"In pop," says Ray, hunched with authority, "sound is more important than words. Pop music registers at the level of sound before it registers at the level of anything else."

When the Boatmen record - and there's a new album out this week on Blanco y Negro called OppositeSex - they do it at Ray's place in Gainesville. They take their time. As the professor puts it, there's an analogy between recording and writing, in which "the advantage in writing over speaking is the possibility of revision. Same thing goes in performing and recording music. If you lock yourself into a studio with a three-week time limit at a huge rate per hour, you've eliminated the single greatest advantage to writing, because you don't have the time to revise. You can't go back and do things again, unless you're the Beatles. Most bands at our stage just don't have that privilege. We're lucky. We can take our time and get our sound right".

The Vulgar Boatmen do sound right, too. If their songs are oblique events inscribing the subtle shifts of feeling in an averagely confused guy, then they have the guitars to do the job: warm, thin, simple, studious, and faintly inhibited. You won't find yelling distortion on OppositeSex, partly because it wouldn't suit the songs and partly because "distortion has become a grunge cliche".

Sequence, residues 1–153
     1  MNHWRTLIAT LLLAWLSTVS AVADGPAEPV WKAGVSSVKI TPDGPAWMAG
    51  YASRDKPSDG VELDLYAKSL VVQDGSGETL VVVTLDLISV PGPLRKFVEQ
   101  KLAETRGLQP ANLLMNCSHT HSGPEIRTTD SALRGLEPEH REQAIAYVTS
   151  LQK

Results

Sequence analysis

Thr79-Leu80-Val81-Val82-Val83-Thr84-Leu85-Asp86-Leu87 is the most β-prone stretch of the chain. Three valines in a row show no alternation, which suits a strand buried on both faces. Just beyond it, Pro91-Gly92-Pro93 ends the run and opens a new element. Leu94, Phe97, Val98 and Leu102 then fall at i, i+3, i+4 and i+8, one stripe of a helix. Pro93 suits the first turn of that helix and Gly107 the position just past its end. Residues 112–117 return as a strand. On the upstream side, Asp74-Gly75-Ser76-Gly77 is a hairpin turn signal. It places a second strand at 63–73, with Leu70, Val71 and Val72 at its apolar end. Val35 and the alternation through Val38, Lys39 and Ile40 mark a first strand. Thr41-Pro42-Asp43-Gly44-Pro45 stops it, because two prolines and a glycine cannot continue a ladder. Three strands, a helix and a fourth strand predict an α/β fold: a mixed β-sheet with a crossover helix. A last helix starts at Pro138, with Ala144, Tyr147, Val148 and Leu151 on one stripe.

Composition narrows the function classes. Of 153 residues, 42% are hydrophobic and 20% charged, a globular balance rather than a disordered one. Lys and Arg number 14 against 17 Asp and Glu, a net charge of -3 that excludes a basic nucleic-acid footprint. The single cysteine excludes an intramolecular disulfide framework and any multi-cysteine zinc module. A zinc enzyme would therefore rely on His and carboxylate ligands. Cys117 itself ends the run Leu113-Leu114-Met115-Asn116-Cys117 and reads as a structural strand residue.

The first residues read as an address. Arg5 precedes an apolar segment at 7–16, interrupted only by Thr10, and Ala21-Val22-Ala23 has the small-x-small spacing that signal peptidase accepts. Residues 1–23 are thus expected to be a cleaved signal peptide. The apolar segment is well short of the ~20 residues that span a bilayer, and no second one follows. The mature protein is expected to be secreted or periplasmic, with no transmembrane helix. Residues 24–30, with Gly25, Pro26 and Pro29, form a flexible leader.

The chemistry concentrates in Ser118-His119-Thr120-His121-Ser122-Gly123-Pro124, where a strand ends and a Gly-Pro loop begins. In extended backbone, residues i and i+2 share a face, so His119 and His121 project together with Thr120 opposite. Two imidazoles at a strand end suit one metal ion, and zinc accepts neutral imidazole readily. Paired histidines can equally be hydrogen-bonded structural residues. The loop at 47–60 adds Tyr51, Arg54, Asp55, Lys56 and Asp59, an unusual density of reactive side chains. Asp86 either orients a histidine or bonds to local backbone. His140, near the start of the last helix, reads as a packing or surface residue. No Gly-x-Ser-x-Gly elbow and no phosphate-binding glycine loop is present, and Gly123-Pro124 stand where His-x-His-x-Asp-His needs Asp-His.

The Boatmen have a keen sense of their provenance.

Ray: "Some of my favourite records are not distorted. Bo Diddley's 'Hey, Bo Diddley', which is massively tremeloed but not distorted; Eddie Cochrane records, which are mostly acoustic guitars with an underlay of undistorted guitar; and I really like the guitar sound on 1969, the live Velvet Underground album, which is mostly not distorted apart from some of the lead parts."